Scripture often commands us to guard our thought lives:
Set your mind on the things above, not on the things that are on earth. (Colossians 3:2)
For the mind set on the flesh is death, but the mind set on the Spirit is life and peace. (Romans 8:6)
Finally, brethren, whatever is true, whatever is honorable, whatever is right, whatever is pure, whatever is lovely, whatever is of good repute, if there is any excellence and if anything worthy of praise, dwell on these things. (Philippians 4:8, italics added)
The discipline of guarding one’s thought life is central to Psalm 1. This first psalm goes further, however, by offering both the means and the motivation for this discipline.
Psalm 1 is characteristic of the wisdom literature of the Bible in its contrast between two ways: the way of the wicked, which leads to death, and the way of the righteous, which leads to life.
The psalm first describes the character traits of the “blessed man” (i.e., the truly happy and satisfied person) with three negatives and two positives. The blessed person, Psalm 1:1 says, “does not walk in the counsel of the wicked, nor stand in the path of sinners, nor sit in the seat of scoffers.” Note the progression from walking to standing to sitting, indicating that a person can gradually become more and more settled in the way of sinning. On the contrary, the blessed person’s “delight is in the law of the Lord, and in His law he meditates day and night” (1:2).
In these two verses, the negative and positive descriptions all start with the mind. Blessed people allow godly counsel—the “law of the Lord”—rather than the “counsel of the wicked” to form their thought life. This, in turn, leads to the yielding of fruit (1:3) rather than “standing in the path of sinners” (1:2).
Blessed people do not merely avoid doing certain things; they replace negative practices with positive ones.
In addition, blessed people do not merely avoid doing or thinking certain things; they replace negative practices (as seen in Psalm 1:1) with positive ones—most foundationally, by delighting in and meditating on God’s word. Devoting oneself to the reading of, reflecting on, and responding to God’s revealed truth in Scripture is the primary means God has given for this “renewal of our minds” (Romans 12:2).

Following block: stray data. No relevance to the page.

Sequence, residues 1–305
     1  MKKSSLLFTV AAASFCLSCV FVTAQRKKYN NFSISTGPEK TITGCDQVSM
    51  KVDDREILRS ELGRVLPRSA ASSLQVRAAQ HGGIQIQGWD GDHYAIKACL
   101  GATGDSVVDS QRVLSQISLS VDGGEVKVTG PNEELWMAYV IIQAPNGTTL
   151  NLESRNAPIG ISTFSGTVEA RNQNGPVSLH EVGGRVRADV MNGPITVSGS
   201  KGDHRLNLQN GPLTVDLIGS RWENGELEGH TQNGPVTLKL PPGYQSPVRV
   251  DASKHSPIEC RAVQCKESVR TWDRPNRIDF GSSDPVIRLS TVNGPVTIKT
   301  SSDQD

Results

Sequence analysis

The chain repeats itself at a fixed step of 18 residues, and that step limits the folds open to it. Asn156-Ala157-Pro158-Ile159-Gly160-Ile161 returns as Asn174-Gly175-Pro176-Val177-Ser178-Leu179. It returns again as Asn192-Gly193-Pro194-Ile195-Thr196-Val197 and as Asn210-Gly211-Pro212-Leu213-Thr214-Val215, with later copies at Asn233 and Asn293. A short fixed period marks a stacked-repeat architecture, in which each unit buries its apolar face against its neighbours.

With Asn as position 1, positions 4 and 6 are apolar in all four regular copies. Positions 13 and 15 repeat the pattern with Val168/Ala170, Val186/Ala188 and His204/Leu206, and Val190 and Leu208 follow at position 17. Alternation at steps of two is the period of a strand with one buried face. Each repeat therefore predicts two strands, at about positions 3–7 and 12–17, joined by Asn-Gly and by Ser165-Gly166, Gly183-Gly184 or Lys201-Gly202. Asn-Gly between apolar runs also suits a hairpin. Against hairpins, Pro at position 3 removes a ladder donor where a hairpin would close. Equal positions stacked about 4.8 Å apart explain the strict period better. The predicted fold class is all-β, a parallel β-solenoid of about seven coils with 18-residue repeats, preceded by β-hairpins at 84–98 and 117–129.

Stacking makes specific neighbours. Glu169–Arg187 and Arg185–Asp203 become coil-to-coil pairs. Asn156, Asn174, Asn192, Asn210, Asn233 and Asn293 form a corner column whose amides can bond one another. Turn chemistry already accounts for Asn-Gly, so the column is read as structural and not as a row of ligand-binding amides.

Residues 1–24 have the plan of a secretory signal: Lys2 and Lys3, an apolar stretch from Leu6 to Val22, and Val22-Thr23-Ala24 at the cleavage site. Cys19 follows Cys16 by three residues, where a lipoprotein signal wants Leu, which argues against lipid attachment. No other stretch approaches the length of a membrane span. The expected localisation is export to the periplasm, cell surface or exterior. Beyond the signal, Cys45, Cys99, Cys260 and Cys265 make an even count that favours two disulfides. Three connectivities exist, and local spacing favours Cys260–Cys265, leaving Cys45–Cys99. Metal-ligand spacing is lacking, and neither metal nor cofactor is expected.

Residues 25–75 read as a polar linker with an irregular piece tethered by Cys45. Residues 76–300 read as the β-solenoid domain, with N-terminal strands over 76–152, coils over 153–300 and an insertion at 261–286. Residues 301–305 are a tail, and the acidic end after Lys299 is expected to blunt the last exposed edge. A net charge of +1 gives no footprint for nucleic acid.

One way we can apply the principles of Psalm 1:1–2 is to allow God to have the first and last word of our day, by reading or quoting a passage of Scripture first thing in the morning and last thing at night.
Prosperity as God Defines It
Having described the path of obedience in verses 1–2, Psalm 1 continues by illustrating the consequence of that obedience in verse 3. When we meditate on and delight in God’s word, we “will be like a tree firmly planted by streams of water, which yields fruit in its season and its leaf does not wither; and in whatever [we] do [we will] prosper” (1:3).
This is no health-and-wealth gospel that we’re being promised. It is prosperity as God defines it, which means “yielding fruit,” including, no doubt, the fruit of the Spirit mentioned in Galatians 5:22–23. Living in a way that produces spiritual fruit is what it means to prosper in God’s eyes. In contrast, the wicked “are like chaff which the winds drive away” (1:4). Any apparent prosperity for the wicked will be blown away easily and quickly. There’s a saying that you never see a U-Haul behind a hearse. Worldly wealth and prosperity cannot be taken into the next life. It takes an eternal perspective to recognize the futility of a life spent in devotion to the pursuit of earthly gains.
Living in a way that produces spiritual fruit is what it means to prosper in God’s eyes.
An Eternal Perspective
Finally, in light of the first five verses, Psalm 1:6 gives the definitive reason why a person should desire the way of the righteous rather than the way of the wicked:
The Lord knows the way of the righteous,
But the way of the wicked will perish.” (Psalm 1:6)
This is the eternal perspective that should compel us to prefer the “congregation of the righteous” to the “way of sinners.” Such a perspective and consequent daily choosing of God’s way over the world’s way begins with our thought lives.
I encourage you to use this psalm, especially the promises in verse 3, to remind yourself regularly of this eternal perspective.
Verse for Meditation
[The blessed person] will be like a tree firmly planted by streams of water,
Which yields its fruit in its season
And its leaf does not wither;
And in whatever he does, he prospers.